The hole in the Earth’s ozone was quite the sensation in the late 80s. Two faded pictures that hang on Brian Toon‘s office wall at the University of Colorado Boulder are a testament to the attention. One is from an airplane as he flew over the South Pole. The second, taken from the ground, is of his plane’s exhaust plume.
“It was in such a remote part of the world that it was very difficult to make observations there or have any idea what was going on,” Toon said.
In 1987, Toon was in on groundbreaking studies of the ozone layer, participating in the Airborne Antarctic Ozone Experiment, which was based out of Punta Arenas, Chile. The problem was alarming. Scientists had just discovered a huge hole in the ozone over South Pole.
Ozone high up in the atmosphere absorbs most of the sun’s ultraviolet radiation. We need it to help prevent things like skin cancer. Toon and other scientists wanted to know why this hole appeared every spring near one of the coldest places on Earth. He and others gathered reams of data. They tested out theories.
An early one thought chemicals from airplane engines were to blame. As Toon recounted, after their research flights all the data would be printed on paper charts, “little wiggly lines” he called them, and hung up on the wall. “And so...you rush over and see, oh, they didn’t see any nitrogen oxides, that answer’s gone,” said Toon, who explained airplanes weren’t the problem. Chemicals in certain products were to blame.
Retired National Oceanic and Atmospheric Administration scientist Sam Oltmans, who still consults with the agency today, said that back in 1987 “there was never anything like this before.” Early in his career, Oltmans helped collect baseline data when the ozone layer was healthy. By the mid-1980s it wasn’t.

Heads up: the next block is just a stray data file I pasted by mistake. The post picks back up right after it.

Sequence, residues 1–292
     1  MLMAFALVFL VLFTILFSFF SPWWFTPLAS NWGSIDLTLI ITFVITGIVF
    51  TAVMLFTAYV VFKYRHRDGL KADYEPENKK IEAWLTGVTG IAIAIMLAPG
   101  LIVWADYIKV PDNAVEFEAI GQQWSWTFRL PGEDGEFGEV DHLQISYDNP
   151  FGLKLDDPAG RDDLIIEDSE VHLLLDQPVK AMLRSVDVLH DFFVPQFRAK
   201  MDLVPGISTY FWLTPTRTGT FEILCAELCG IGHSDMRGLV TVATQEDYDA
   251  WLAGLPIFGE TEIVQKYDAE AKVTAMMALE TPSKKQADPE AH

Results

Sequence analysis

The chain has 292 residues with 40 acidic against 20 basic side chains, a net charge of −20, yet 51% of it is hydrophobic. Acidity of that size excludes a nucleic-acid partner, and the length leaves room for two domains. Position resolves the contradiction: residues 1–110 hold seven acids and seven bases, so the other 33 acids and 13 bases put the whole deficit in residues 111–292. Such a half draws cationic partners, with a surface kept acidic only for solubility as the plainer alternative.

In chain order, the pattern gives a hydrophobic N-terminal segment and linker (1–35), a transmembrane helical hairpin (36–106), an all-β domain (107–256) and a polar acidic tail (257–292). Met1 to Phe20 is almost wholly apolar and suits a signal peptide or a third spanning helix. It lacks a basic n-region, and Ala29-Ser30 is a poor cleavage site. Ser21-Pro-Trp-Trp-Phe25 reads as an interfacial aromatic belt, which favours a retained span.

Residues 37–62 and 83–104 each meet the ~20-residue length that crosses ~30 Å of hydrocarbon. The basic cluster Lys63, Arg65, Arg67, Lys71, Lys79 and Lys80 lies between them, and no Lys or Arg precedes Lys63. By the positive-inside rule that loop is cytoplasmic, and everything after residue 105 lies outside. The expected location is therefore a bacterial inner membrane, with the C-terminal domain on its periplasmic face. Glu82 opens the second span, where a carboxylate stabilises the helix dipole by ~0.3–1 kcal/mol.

Later that decade scientists identified chemicals in hairspray and air conditioners as the cause.
“There was some resistance from particular, like the manufacturers at first,” Oltmans said. “But unlike climate change it wasn’t political litmus test.”
So what brought about the change and started the ozone hole on the path to healing?
In September 1987, the U.S. and about two dozen other countries signed the Montreal Protocol to reduce production and consumption of the offending chemicals, known as chlorofluorocarbons.
As David Fahey, co-chair of the Montreal Protocol’s Scientific Assessment Panel and director of the Chemical Sciences Division at NOAA’s Boulder, Colorado, Lab, put it “In 1987, they all agreed to build a brake pedal. It’s not going to prevent the automobile crash. It just means you’re going to crash at a slightly slower speed.”
As scientists learned more through research, leaders were able to revise the agreement. They phased out other ozone depleting substances.
“Science played a key role…each time the parties came together and considered this,” Fahey said.
Over the years, climate change became part of the discussion. It turned out many chemicals that ate away at ozone also contributed to climate change. As recently as 2016, world leaders decided to phase out even more harmful chemicals.
The Montreal Protocol achieved many successes. As Brian Toon at CU Boulder reflected on his mission 30 years ago, he’s puzzled why the U.S. struggles to address climate change today.
“Americans build things. Americans solve problems. If there is a mystery, the American spirit is go solve the mystery,” he said. “So Americans are going to go stick their head in the sand and say, ‘Oh, I don’t understand climate science so I’m going to ignore it.’”
Scientists say the ozone hole over Antarctica is no longer growing. It’s expected to take decades to recover. Ozone researchers tracking that have a new challenge. As scientific knowledge around climate change develops, it makes their job even more complicated.
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